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Predicting Patient Outcomes Using Vital Signs Monitoring

With an increasingly older population and a shrinking work force, there is a need to streamline the available resources. By using wearable sensors to monitor a patient’s condition, the resources of medical staff can be used more effectively on more demanding tasks than simple surveillance.

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By the year 2040 it is expected that there will be twice as many older people (over 80), while the work force (under 65) is expected to become almost half of what it is now due to factors such as declining birth rates. The challenges that rise from this will force medical staff to spend less time on trivial yet vital tasks such as surveillance. Fortunately, much has happened in the development of wearable sensors over the past few years, making it possible to create devices that can measure vital signs and unobtrusive to the wearer.

Project Objectives

The main objective of the project is to investigate the benefits of continuous vital sign measurements in critically ill patients. The measurements focus on vital signs that can be monitored non-invasively, such as pulse, temperature, blood pressure and oxygen saturation. The long-term aim is also to monitor persons with chronic diseases in the private sphere.

The first phase focuses on existing measurements for patients with very diverse conditions at intensive care unit (ICU) at Bispebjerg Hospital. Vital sign measurements are combined with automatically extracted entries from the patient’s electronic health records. These different data are combined to create an overview of the patient’s physiological condition throughout an admission.


Figure 1: Raw vital sign measurements of a patient (top) along with their corresponding physiological condition (bottom) at any given time. The higher the physiological condition score, the worse is the patient’s condition. Orange color indicates that data is missing and physiological condition cannot be estimated.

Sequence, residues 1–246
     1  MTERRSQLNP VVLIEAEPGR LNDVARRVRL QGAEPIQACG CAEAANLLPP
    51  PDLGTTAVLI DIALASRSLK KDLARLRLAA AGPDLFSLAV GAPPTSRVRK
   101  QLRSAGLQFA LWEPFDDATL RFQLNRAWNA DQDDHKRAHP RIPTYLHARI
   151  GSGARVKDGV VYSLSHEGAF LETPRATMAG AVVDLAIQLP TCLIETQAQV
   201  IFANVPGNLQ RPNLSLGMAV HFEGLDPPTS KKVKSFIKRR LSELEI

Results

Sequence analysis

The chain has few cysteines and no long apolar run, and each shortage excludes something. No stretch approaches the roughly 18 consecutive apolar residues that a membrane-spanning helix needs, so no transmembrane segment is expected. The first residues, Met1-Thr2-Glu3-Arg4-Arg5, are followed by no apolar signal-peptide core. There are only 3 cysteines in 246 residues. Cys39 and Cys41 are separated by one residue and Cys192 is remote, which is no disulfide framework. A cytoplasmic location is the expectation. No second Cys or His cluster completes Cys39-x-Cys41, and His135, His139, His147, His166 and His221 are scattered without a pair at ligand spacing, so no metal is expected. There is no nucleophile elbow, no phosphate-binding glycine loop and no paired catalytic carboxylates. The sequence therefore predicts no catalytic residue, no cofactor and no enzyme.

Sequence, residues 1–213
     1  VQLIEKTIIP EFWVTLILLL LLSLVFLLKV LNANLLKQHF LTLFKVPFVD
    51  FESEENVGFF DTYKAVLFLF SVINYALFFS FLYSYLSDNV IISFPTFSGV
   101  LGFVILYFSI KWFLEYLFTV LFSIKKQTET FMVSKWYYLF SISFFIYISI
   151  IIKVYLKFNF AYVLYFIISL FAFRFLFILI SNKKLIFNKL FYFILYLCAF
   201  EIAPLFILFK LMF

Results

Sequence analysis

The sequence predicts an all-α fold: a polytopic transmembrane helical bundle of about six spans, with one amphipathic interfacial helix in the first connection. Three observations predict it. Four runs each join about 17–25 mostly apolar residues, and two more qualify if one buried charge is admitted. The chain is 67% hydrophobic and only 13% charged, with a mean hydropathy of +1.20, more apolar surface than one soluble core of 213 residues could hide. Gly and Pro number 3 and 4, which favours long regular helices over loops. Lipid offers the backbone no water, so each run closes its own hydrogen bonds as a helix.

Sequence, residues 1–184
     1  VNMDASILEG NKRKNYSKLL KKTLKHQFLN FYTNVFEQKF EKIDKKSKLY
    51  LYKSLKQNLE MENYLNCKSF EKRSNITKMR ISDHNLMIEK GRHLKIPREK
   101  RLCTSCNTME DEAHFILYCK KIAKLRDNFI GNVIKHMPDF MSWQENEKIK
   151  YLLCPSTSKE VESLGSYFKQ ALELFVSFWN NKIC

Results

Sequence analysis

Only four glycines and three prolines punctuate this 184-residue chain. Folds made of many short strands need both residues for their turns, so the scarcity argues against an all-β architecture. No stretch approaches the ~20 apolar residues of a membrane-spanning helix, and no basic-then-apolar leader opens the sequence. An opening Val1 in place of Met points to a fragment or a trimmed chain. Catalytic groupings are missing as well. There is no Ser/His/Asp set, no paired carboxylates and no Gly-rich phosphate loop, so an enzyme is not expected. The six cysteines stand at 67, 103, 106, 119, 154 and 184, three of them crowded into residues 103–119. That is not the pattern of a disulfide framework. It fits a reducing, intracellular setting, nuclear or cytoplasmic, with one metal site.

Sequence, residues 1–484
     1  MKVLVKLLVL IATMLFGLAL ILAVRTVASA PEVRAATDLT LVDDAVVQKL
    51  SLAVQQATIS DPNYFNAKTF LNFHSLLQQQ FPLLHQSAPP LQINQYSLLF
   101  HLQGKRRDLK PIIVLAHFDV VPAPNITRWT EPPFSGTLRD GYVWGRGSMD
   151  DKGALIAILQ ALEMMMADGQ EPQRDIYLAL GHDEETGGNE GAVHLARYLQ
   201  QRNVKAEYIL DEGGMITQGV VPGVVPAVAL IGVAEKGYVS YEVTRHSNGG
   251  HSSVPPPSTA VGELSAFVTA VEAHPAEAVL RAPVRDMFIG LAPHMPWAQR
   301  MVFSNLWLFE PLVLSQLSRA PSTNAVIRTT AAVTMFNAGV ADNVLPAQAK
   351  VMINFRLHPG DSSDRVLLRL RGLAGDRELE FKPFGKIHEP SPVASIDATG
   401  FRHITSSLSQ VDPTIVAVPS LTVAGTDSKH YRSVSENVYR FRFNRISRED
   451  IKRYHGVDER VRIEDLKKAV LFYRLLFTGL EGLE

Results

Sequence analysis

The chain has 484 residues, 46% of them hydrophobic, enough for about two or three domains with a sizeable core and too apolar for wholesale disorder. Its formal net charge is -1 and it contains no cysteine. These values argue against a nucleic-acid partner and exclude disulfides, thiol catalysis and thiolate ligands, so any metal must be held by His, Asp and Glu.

Figure 2: Physiological condition assessed before, during and after admission. Bubble size indicates length of stay. The condition of surviving patients (blue) fluctuates less during admission than it does for deceased patients.

The second phase is conducted at Zealand University Hospital, Roskilde and narrows the patient group down to focusing on stroke patients where vital signs are monitored less frequently. The focus here is to determine early markers for positive outcome after stroke.

One third of stroke patients have unrecognized diabetes mellitus (DM). The final project phase aims at automatically detecting which stroke patients are diagnosed with DM. If the two patient groups are distinguishable without using the information about whether they have the disease, it becomes possible to also identify unrecognized DM patients. 



[1] Vilic, Adnan, et al. "Simplifying EHR Overview of Critically Ill Patients Through Vital Signs Monitoring." IEEE Journal of Biomedical and Health Informatics (2016).

[2] Vilic, Adnan, et al. "Visualizing patient journals by combining vital signs monitoring and natural language processing." Engineering in Medicine and Biology Society (EMBC), 2016 IEEE 38th Annual International Conference of the. IEEE, 2016.

[3] Vilic, Adnan, et al. "Queue-Based Modelling and Detection of Parameters Involved in Stroke Outcome" Engineering in Medicine and Biology Society (EMBC), 2017 IEEE 39th Annual International Conference of the. IEEE, 2017.

[4] Vilic, Adnan, et al. " Automatic Identification of Diabetes Based on Vital Signs and Medical History in Post-Stroke Patients" Engineering in Medicine and Biology Society (EMBC), 2017 IEEE 39th Annual International Conference of the. IEEE, 2017 

9 JUNE 2023